Developmental Domain 2: Physical Development & Health
Children demonstrate the ability to coordinate their small muscles in order to move and control objects. Indicators for children (birth – 9 months)
- Uses hands in a purposeful manner, e.g., turns the pages of a board book, drops objects into a bucket
- Coordinates increasingly complex hand movements to manipulate objects, e.g., crumples paper, connects and disconnects toy links, flips light switch on and off
Waylon purposefully reached for his grandfather’s face to explore it. He combined several hand movements such as pointing, the pincer grasp, and a flicking motion.
Developmental Domain 2: Physical Development & Health
Children demonstrate the ability to distinguish, process, and respond to sensory stimuli in their environment. Indicators for children (birth – 9 months)
- Begins to manipulate materials, e.g., pounds at play dough, squeezes finger foods
Waylon touched his grandfather’s beard in several different ways. He investigated his grandfather’s face with his hands as well as visually. He turned his head toward his mother when she spoke off camera.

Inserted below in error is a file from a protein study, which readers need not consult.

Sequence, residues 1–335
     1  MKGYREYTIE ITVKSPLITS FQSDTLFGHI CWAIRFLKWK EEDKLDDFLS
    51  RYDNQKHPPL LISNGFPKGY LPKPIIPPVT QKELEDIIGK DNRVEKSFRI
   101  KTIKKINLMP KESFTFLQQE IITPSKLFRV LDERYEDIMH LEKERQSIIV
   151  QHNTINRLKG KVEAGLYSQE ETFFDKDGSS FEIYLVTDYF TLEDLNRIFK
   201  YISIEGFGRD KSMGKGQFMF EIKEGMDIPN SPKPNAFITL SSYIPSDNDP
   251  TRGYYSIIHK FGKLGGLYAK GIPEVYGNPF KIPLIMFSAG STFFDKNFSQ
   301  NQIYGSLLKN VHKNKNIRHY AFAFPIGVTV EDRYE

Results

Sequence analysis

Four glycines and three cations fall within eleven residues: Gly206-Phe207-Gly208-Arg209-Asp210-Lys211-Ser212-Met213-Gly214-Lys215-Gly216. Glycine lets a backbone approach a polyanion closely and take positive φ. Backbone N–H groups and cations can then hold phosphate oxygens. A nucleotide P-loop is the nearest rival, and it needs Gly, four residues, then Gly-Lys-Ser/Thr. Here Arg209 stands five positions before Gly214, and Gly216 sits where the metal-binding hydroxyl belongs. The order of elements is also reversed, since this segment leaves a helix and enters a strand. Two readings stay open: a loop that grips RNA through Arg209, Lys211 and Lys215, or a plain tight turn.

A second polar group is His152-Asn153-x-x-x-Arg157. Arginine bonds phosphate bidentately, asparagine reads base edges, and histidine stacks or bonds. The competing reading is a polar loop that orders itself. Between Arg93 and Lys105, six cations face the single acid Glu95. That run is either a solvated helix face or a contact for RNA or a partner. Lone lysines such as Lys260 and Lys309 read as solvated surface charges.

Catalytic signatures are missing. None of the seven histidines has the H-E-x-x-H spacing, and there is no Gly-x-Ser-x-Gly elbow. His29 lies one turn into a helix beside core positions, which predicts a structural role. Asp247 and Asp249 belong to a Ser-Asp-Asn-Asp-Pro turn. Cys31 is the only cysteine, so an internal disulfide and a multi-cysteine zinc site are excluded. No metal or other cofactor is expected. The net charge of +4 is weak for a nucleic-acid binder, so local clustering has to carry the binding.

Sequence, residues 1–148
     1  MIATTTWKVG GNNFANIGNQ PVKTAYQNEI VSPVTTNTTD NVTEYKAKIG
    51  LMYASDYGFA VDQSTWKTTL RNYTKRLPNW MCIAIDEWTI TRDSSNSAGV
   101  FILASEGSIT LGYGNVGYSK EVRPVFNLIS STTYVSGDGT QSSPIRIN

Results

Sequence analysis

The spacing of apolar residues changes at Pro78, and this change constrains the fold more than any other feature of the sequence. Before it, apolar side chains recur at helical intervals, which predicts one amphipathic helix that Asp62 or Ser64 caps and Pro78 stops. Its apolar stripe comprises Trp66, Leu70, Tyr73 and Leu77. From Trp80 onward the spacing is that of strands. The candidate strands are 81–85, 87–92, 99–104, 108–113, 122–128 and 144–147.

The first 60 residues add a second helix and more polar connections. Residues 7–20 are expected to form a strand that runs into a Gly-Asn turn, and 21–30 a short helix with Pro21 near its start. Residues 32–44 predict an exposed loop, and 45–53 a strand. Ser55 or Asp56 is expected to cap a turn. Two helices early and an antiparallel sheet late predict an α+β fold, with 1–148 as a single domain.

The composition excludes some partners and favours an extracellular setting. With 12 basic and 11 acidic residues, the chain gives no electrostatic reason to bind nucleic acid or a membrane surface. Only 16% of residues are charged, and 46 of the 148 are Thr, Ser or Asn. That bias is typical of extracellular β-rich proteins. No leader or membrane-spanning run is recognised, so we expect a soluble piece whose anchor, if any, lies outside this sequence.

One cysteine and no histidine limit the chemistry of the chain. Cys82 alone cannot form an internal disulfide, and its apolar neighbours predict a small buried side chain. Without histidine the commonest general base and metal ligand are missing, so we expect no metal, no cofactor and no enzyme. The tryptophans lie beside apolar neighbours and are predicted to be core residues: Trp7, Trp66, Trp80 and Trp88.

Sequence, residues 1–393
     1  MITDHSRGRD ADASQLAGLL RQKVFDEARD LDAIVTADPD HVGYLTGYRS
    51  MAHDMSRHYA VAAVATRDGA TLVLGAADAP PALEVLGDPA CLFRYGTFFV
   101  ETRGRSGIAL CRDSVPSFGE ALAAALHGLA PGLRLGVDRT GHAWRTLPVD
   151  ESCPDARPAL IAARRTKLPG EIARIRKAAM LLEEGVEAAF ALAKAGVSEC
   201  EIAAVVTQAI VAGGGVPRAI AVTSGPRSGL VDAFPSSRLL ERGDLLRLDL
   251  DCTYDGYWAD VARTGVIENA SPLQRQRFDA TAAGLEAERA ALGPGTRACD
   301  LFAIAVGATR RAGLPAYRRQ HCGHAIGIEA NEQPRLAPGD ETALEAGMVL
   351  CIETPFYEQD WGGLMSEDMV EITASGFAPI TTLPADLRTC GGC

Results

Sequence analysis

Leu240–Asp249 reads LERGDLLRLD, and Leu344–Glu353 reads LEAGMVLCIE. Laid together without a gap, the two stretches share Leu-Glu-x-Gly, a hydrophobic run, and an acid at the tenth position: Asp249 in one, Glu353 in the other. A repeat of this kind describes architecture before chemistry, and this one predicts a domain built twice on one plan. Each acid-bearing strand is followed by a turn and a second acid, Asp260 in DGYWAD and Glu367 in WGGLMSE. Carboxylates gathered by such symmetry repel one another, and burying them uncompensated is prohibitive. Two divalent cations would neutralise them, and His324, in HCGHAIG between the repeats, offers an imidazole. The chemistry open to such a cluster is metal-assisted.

Developmental Domain 3: Language Development, Communication, & Literacy
Children demonstrate the ability to engage with and maintain communication with others. Indicators for children (birth – 9 months)
- Participates in simple back-and-forth communication, using words and/or gestures
- Demonstrates understanding of a familiar sound or word, e.g., looks toward a caregiver after hearing name
Waylon and his grandfather engaged in a turn-taking interaction in which Waylon touched the beard and his grandfather reacts. Waylon turned briefly toward his mother when she spoke.
Developmental Domain 4: Cognitive Development
Science Concepts & Exploration
Children demonstrate a basic awareness of and use scientific concepts. Indicators for children (16-24 months)
- Actively explores objects and experiences their properties through the different senses, e.g., color, texture, weight, taste
Waylon steadily observed his grandfather’s face and beard. He touched the beard in several ways for about a minute, with one finger and with thumb and finger.
Approaches to Learning
Curiosity & Initiative
Children demonstrate interest and eagerness in learning about their world. Indicators for children (birth – 9 months)
- Demonstrates an interest in new objects by manipulating and turning the object
Waylon showed interest in his grandfather’s beard by gazing at it and touching it in a variety of ways.